The Intergovernmental Panel on Climate Change (IPCC) concluded that changes in weather and climate extremes have intensified over the last seven years. For the built environment, climate hazards present significant physical risks to both tangible assets and business supply chains, as well as threatening their financial viability through increased insurance premiums, accelerated depreciation and higher incidences of stranded assets. In the UK, modelling predicts that over 500,000 residential and commercial properties will be at high-risk to the physical impacts of climate change by 2050.
Aligning with recommendations from the Task Force on Climate-Related Financial Disclosures (TCFD), in October 2021 the UK Government announced that physical risk disclosure would become mandatory for large organisations and financial institutions from April 2022, ensuring the effects of climate change are routinely considered within investment decisions.
Published today, UKGBC’s ‘Framework for Measuring and Reporting of Climate-related Physical Risks to Built Assets’ provides organisations who will be required to report under new rules with a consistent methodology for undertaking self-analysis of physical risks at the asset level. Whilst the TCFD moves towards greater standardisation of measurement and reporting techniques, it lacks the granularity necessary to explicitly guide organisations through this process at asset level. This Framework seeks to plug that gap and provide industry consensus on physical risk disclosure methodologies at a built asset level, with the intention of increasing the quantity, quality, and consistency of assessments.
The first step in the Government’s Roadmap to economy-wide disclosures will see mandatory reporting for the UK’s largest organisations and financial institutions. If successful, this requirement will be rolled out further to include large asset owning entities by 2025. This Framework provides businesses with the opportunity to get ahead of the curve on their impending reporting requirements, and close the gap between the level of climate-related risks we face and accurate assessments of those risks.
An increasing number of investors and lenders are recognising the materiality of climate-related financial risks across their portfolios, and proactively demanding more information and transparency to judge these risks effectively. The content of UKGBC’s Framework will therefore also be of value to any asset owning business or individual who want to better understand the physical risks of climate change.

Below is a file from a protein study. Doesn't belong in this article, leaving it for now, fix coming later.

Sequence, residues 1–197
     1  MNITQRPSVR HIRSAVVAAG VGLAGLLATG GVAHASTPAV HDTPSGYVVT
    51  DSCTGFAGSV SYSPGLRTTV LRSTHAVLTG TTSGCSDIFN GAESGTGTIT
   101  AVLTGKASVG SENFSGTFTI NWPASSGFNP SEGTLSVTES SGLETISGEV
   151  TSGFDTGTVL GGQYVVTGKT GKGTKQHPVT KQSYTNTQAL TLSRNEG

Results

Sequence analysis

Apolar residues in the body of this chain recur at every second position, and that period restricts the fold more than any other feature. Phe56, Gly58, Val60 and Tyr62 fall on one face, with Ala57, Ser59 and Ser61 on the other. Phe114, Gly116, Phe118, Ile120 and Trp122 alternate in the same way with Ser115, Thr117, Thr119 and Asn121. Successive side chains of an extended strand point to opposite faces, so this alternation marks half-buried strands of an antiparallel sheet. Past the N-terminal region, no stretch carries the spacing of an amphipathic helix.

UKGBC’s guidance includes detailed information on the physical risk assessment process; a methodology for measuring climate-related physical risks at the built asset scale; and a reporting framework which can be used to support the preparation of TCFD disclosure reports.
UKGBC’s Director of Business Transformation, Alastair Mant said:
“With every degree of warming, the likelihood increases for destructive climate impacts and extreme weather events. It is only through transparent and accurate climate-related risk assessments and reporting can we close the gap between the level of risk we face and the level of climate adaptation underway. This Framework provides asset-owning businesses large and small with a consistent methodology for getting to grips with TCFD-aligned disclosures, as well as the tools to better understand the impact of climate change on their built assets.”
Bill Hughes, Head of Real Assets, Legal & General Investment Management, said:
“UKGBC’s guidance comes at a critical point for organisations right across the built environment value chain, supporting TCFD alignment and providing an important step on the journey towards accurate and transparent physical climate-related risk measurement and disclosure. By measuring, interpreting, and reporting on the physical climate risks posed to assets, organisations can make better informed decisions that have benefits for their own operations and the future of the built environment.”
Louise Pryor, Chair of London Climate Change Partnership, said:
“Evidence shows that our climate is already changing, and the frequency of extreme weather events is rising. Proactive adaptation to the physical impacts of climate hazards must be built into our normal planning, decision-making, and risk management procedures – not only to cope with the physical impacts on our buildings, but also the financial impacts. UKGBC’s Framework provides asset owning businesses with the guidance to actively assess and measure the physical risks of climate change, enabling them to make better decisions today for the future wellbeing of our buildings and communities.”
All of this work has been made possible thanks to the generous support of our NBS programme partners: Arup, Buro Happold, CBRE, Federated Hermes, Hoare Lea, ISG and the John Ellerman Foundation, as well as the time and hard work of our Task Group.